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Monogamy by Adam Philips

  • In one sentence: Harsh, circuitous, critical aphorisms on the greatest secular religion..
  • Number of reads: 2 since 2012.
  • To be read : At the start of every new relationship; when your contempt of psychotherapy boils over and needs correction.
  • Galef type: Values 2 - thought experiments for you to reflect on how you feel about something, & Style 3 - tickle your aesthetic sense in a way that obliquely makes you a more interesting, generative thinker.

I guess he’s a bit overfond of the knowing paradox (“Seduction, the happy invention of need”; “The problem of a marriage is that it can never be called an affair”) – and of course aphorisms have to compress away the qualifications that would make them fairer, easier to take in large doses.
Infidelity is such a problem because we take monogamy for granted; we treat it as the norm. Perhaps we should take infidelity for granted, assume it with unharassed ease. Then we would be able to think about monogamy.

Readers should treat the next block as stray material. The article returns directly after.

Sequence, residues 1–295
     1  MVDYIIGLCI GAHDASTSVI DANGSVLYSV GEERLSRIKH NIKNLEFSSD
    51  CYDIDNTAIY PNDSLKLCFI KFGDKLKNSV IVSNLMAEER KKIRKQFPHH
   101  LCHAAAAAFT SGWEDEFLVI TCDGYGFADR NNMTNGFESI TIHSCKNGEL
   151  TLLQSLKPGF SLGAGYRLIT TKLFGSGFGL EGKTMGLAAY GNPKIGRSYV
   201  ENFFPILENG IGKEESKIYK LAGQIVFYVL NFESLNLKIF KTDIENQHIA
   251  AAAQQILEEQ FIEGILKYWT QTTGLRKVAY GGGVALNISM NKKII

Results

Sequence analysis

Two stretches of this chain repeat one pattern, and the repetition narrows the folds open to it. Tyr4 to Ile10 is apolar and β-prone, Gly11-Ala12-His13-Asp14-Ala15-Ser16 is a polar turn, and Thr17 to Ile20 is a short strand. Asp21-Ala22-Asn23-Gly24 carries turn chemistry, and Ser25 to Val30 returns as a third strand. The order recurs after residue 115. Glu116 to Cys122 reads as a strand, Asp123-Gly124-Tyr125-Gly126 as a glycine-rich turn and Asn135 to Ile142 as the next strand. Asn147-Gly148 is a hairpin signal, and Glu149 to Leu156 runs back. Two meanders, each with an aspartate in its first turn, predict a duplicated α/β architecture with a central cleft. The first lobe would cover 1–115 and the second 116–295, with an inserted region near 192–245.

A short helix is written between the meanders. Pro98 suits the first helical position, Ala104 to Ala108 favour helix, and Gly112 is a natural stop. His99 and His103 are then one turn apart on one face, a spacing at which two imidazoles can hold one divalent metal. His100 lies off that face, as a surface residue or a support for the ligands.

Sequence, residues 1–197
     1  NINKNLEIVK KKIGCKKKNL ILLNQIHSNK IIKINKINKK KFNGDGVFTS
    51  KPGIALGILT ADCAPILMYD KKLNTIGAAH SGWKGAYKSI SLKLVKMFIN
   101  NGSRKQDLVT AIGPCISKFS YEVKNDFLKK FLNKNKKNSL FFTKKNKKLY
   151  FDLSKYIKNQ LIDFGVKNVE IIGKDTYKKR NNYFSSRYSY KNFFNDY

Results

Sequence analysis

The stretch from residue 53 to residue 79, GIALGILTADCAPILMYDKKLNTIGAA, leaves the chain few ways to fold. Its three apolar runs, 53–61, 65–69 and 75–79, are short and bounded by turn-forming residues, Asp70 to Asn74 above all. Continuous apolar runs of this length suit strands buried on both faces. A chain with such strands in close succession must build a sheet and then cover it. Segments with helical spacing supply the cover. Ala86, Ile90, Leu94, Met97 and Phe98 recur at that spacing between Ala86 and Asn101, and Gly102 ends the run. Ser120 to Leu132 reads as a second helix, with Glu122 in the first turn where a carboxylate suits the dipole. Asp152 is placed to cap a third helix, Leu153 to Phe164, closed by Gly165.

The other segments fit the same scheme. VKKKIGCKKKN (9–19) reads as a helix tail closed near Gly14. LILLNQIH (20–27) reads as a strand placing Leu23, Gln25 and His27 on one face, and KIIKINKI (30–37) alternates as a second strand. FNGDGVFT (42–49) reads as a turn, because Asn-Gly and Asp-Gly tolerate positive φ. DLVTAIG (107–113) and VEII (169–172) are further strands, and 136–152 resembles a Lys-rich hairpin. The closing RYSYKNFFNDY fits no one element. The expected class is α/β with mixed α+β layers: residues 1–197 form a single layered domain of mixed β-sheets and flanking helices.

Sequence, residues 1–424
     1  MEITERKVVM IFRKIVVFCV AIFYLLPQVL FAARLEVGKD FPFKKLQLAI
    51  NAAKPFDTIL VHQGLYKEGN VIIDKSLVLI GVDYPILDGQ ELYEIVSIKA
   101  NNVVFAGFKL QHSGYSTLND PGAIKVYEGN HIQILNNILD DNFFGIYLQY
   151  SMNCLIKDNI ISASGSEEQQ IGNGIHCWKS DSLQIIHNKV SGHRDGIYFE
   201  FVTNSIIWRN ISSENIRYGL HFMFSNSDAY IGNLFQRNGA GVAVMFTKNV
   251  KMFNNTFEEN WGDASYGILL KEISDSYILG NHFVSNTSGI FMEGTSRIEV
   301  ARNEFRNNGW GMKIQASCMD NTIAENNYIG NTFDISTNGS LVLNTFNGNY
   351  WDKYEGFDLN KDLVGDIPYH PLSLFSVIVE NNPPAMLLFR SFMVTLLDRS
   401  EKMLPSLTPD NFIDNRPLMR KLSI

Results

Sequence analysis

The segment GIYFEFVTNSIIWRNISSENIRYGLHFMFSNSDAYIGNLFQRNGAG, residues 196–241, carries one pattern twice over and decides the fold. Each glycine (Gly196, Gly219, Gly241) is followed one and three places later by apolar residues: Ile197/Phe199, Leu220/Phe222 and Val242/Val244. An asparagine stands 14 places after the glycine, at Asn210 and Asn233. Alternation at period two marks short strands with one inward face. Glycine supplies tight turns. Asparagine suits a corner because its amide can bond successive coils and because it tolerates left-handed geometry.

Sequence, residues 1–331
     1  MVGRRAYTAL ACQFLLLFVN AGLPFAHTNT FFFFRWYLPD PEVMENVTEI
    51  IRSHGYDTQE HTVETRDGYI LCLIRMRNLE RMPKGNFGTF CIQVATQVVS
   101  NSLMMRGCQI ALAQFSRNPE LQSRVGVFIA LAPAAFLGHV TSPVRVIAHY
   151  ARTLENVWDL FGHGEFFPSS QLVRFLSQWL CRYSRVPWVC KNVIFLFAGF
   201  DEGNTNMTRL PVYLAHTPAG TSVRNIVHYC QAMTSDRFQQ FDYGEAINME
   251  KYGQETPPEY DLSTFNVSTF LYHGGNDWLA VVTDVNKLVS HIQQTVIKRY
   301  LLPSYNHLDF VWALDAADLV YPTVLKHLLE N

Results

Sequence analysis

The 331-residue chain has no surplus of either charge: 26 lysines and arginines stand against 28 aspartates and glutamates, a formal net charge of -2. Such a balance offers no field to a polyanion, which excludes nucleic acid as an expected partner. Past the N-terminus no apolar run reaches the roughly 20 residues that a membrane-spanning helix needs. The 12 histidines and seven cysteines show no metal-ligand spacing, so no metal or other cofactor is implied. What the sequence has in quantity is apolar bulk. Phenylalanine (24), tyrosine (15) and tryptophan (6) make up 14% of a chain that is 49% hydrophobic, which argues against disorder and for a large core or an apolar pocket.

There are no relationships without conflict. If psychoanalysis has a value, maybe one of its values is just that it abides by the idea that there is always going to be conflict… in a way the book holds out for the value of conflict [being to let] the diverse voices inside of oneself speak.
But it’s non-partisan (not anti-monogamy, not anti-polyamory) and original and funny and wise and I still haven’t absorbed the finer points.